Current residents in Miller-lab
World map of former Miller trainees scattered to the winds
Much of our work here is aimed at understanding the molecular and structural underpinnings of the generation of cellular electricity. All such phenomena - from the nerve action potential, to sensory transduction, to control of processes as varied as muscle contraction, hormone secretion, or blood volume homeostasis - are ultimately mediated by a single class of membrane proteins: the ion channels. We seek to understand the molecular mechanisms by which ion channel proteins open and close to switch the flows of ions across cellular membranes, and by which the open pore is able to choose so exquisitely which ions are able to permeate. Cellular electrical behavior requires ion gradients across biological membranes, and these gradients must be established by energy-consuming "transporter" proteins, which move ions "uphill." Our group also studies the mechanisms of transporters.
The lab focuses on channels and transporters that are approachable by a combination of attacks in reduced, biochemically defined systems. We use a combination of electrophysiological analysis, single-channel recording, membrane biochemistry, and x-ray crystallography to attack these problems, and each student is expected to gain experience in all these methods. Current efforts are directed at CLC Cl–-transporting proteins as well as a newly discovered subclass of these that specifically handle the cytotoxic F– ion. Our new interest in F- exporting proteins has also led us to stumble upon a phylogenetically unrelated and very unusual class of F–-specific ion channel proteins.
A few years ago, we discovered, to our shock and awe, that a bacterial homologue of CLC channels is not itself an ion channel, but rather functions as an ion "pump," stoichiometrically exchanging Cl- on one side of the membrane for H+ on the other. Using a combination of electrophysiology, membrane reconstitution, and x-ray crystallography, we are endeavoring to understand how these transport proteins work and also to comprehend the wider mechanistic implications of this co-habitation within the same molecular family of such fundamentally different ion-transport mechanisms.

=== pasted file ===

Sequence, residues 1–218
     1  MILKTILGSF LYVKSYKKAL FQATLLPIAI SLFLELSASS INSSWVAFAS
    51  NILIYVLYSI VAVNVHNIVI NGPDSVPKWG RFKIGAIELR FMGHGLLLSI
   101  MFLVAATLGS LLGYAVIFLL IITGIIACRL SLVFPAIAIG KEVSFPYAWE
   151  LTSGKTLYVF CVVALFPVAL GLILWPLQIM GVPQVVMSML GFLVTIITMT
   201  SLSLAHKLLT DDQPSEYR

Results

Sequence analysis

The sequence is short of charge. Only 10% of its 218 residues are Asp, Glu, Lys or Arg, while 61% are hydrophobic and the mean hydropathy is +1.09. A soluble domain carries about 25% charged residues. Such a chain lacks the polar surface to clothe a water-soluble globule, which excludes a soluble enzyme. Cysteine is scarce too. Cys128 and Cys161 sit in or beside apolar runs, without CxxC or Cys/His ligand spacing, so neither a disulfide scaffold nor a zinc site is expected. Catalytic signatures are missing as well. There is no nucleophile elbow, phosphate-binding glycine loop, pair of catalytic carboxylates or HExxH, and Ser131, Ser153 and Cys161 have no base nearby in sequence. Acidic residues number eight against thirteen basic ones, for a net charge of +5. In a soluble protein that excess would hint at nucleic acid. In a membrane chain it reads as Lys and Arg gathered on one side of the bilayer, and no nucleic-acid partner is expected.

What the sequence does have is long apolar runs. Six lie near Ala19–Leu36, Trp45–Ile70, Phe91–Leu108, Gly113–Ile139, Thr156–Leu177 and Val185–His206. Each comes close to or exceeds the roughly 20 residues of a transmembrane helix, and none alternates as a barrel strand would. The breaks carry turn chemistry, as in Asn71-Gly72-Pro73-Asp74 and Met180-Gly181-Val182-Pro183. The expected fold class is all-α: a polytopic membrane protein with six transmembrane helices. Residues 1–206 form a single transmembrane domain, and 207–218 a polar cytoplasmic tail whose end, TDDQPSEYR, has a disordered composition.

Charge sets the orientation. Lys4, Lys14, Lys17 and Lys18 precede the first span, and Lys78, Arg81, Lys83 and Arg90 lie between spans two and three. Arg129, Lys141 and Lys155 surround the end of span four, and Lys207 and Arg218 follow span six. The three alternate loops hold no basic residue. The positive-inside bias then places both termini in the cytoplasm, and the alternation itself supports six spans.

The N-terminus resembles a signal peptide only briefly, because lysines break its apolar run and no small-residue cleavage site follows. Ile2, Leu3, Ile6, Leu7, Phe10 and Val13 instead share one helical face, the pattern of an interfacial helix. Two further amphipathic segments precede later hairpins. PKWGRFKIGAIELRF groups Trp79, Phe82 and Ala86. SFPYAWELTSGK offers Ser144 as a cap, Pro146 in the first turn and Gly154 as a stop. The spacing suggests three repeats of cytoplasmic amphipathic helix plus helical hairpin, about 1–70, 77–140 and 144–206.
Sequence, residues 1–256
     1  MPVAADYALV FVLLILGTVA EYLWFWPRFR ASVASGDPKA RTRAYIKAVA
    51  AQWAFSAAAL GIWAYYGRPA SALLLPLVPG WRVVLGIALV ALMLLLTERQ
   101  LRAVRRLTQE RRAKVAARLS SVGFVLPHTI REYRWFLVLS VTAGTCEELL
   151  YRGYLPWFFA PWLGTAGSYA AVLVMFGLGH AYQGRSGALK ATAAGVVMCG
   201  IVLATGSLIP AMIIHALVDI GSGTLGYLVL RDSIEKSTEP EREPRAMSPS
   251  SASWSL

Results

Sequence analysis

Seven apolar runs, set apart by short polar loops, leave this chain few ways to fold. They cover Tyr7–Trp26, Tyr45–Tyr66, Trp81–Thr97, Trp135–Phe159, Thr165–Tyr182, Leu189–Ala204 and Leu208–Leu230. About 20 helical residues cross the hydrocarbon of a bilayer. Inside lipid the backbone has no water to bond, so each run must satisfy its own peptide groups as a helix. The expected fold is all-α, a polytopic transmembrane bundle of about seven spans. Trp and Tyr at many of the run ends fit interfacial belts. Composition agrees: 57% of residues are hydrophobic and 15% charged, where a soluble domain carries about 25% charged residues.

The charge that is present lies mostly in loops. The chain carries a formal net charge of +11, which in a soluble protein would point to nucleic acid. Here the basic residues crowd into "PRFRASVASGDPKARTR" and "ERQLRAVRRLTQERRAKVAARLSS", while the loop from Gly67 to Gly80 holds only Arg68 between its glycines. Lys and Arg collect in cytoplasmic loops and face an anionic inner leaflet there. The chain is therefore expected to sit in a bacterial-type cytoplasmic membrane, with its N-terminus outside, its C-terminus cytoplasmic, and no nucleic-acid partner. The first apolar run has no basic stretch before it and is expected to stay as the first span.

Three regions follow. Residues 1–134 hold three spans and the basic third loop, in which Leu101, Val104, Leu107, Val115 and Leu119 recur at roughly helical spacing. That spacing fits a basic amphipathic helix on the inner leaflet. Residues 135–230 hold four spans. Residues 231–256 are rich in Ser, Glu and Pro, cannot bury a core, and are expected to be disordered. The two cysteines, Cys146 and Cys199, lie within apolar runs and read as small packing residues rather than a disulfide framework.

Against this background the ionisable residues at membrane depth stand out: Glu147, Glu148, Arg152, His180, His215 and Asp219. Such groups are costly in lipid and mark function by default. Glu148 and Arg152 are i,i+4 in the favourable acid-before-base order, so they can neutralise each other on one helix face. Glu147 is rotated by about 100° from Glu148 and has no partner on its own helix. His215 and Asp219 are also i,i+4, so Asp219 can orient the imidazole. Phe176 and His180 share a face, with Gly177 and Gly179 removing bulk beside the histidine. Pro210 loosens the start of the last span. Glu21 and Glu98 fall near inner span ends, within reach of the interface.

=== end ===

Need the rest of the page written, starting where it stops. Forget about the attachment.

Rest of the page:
Tsai, M-F. and Miller, C. 2013. Substrate selectivity in arginine-dependent acid resistance in enteric bacteria. Proc Natl. Acad. Sci. USA 110:5893-5897
Tsai, M-F., McCarthy, P., and Miller, C. 2013. Substrate selectivity in glutamate-dependent acid resistance in enteric bacteria. Proc Natl. Acad. Sci. USA 110:5898-5902.
Lim, H.H., Shane, T., and Miller, C. 2012. Intracellular proton access in a Cl-/H+ antiporter. PLoS Biol. 10:1-8 [abstract]
Stockbridge, R., Lim, H.H, Otten, R., Williams, C., Shane, T., Weinberg, Z., and Miller, C. 2012. Fluoride resistance and transport by riboswitch-controlled CLC antiporters. Proc. Natl. Acad. Sci. USA 109:15289-15294. [abstract]
Tsai, M-F., Fang, Y., and Miller, C. 2012. Sided functions of an arginine-agmatine exchange-transporter oriented in lipsomes. Biochemistry 51:1577-1585. [abstract]
Piasta, K.N., Theobald, D.L., and Miller, C. 2011. Potassium-selective block of barium permeation through single KcsA channels. J Gen Physiol 138:421-436. [abstract]
Clapham, D.E. and Miller, C. 2011. A thermodynamic framework for understanding temperature sensing by transient receptor potential (TRP) channels. Proc Natl Acad Sci U S A 108:19492-19497. [abstract]
Structure of a slow CLC Cl-/H+ antiporter from a cyanobacterium. Jayaram, H, Robertson, J.L. Wu, F., Williams, C., and Miller, C. 2011. Biochemistry 50:788-794. [abstract]
Design, function, and structure of a monomeric CLC transporter. Robertson, J., Kolmakova-Partensky, L., and Miller, C. 2010. Nature 468:844-847. [abstract]
Theobald, D.L. and Miller, C. News and Views: Surprises in structural sameness. Nature Struct. Mol. Biol. 2010. 17:2-3.
Miller C. CFTR: break a pump, make a channel. Proc Natl Acad Sci U S A. 2010 Jan 19;107(3):959-60. [abstract]
View Complete Publication List on PubMed: Chris
Last reviewed: June 4, 2013.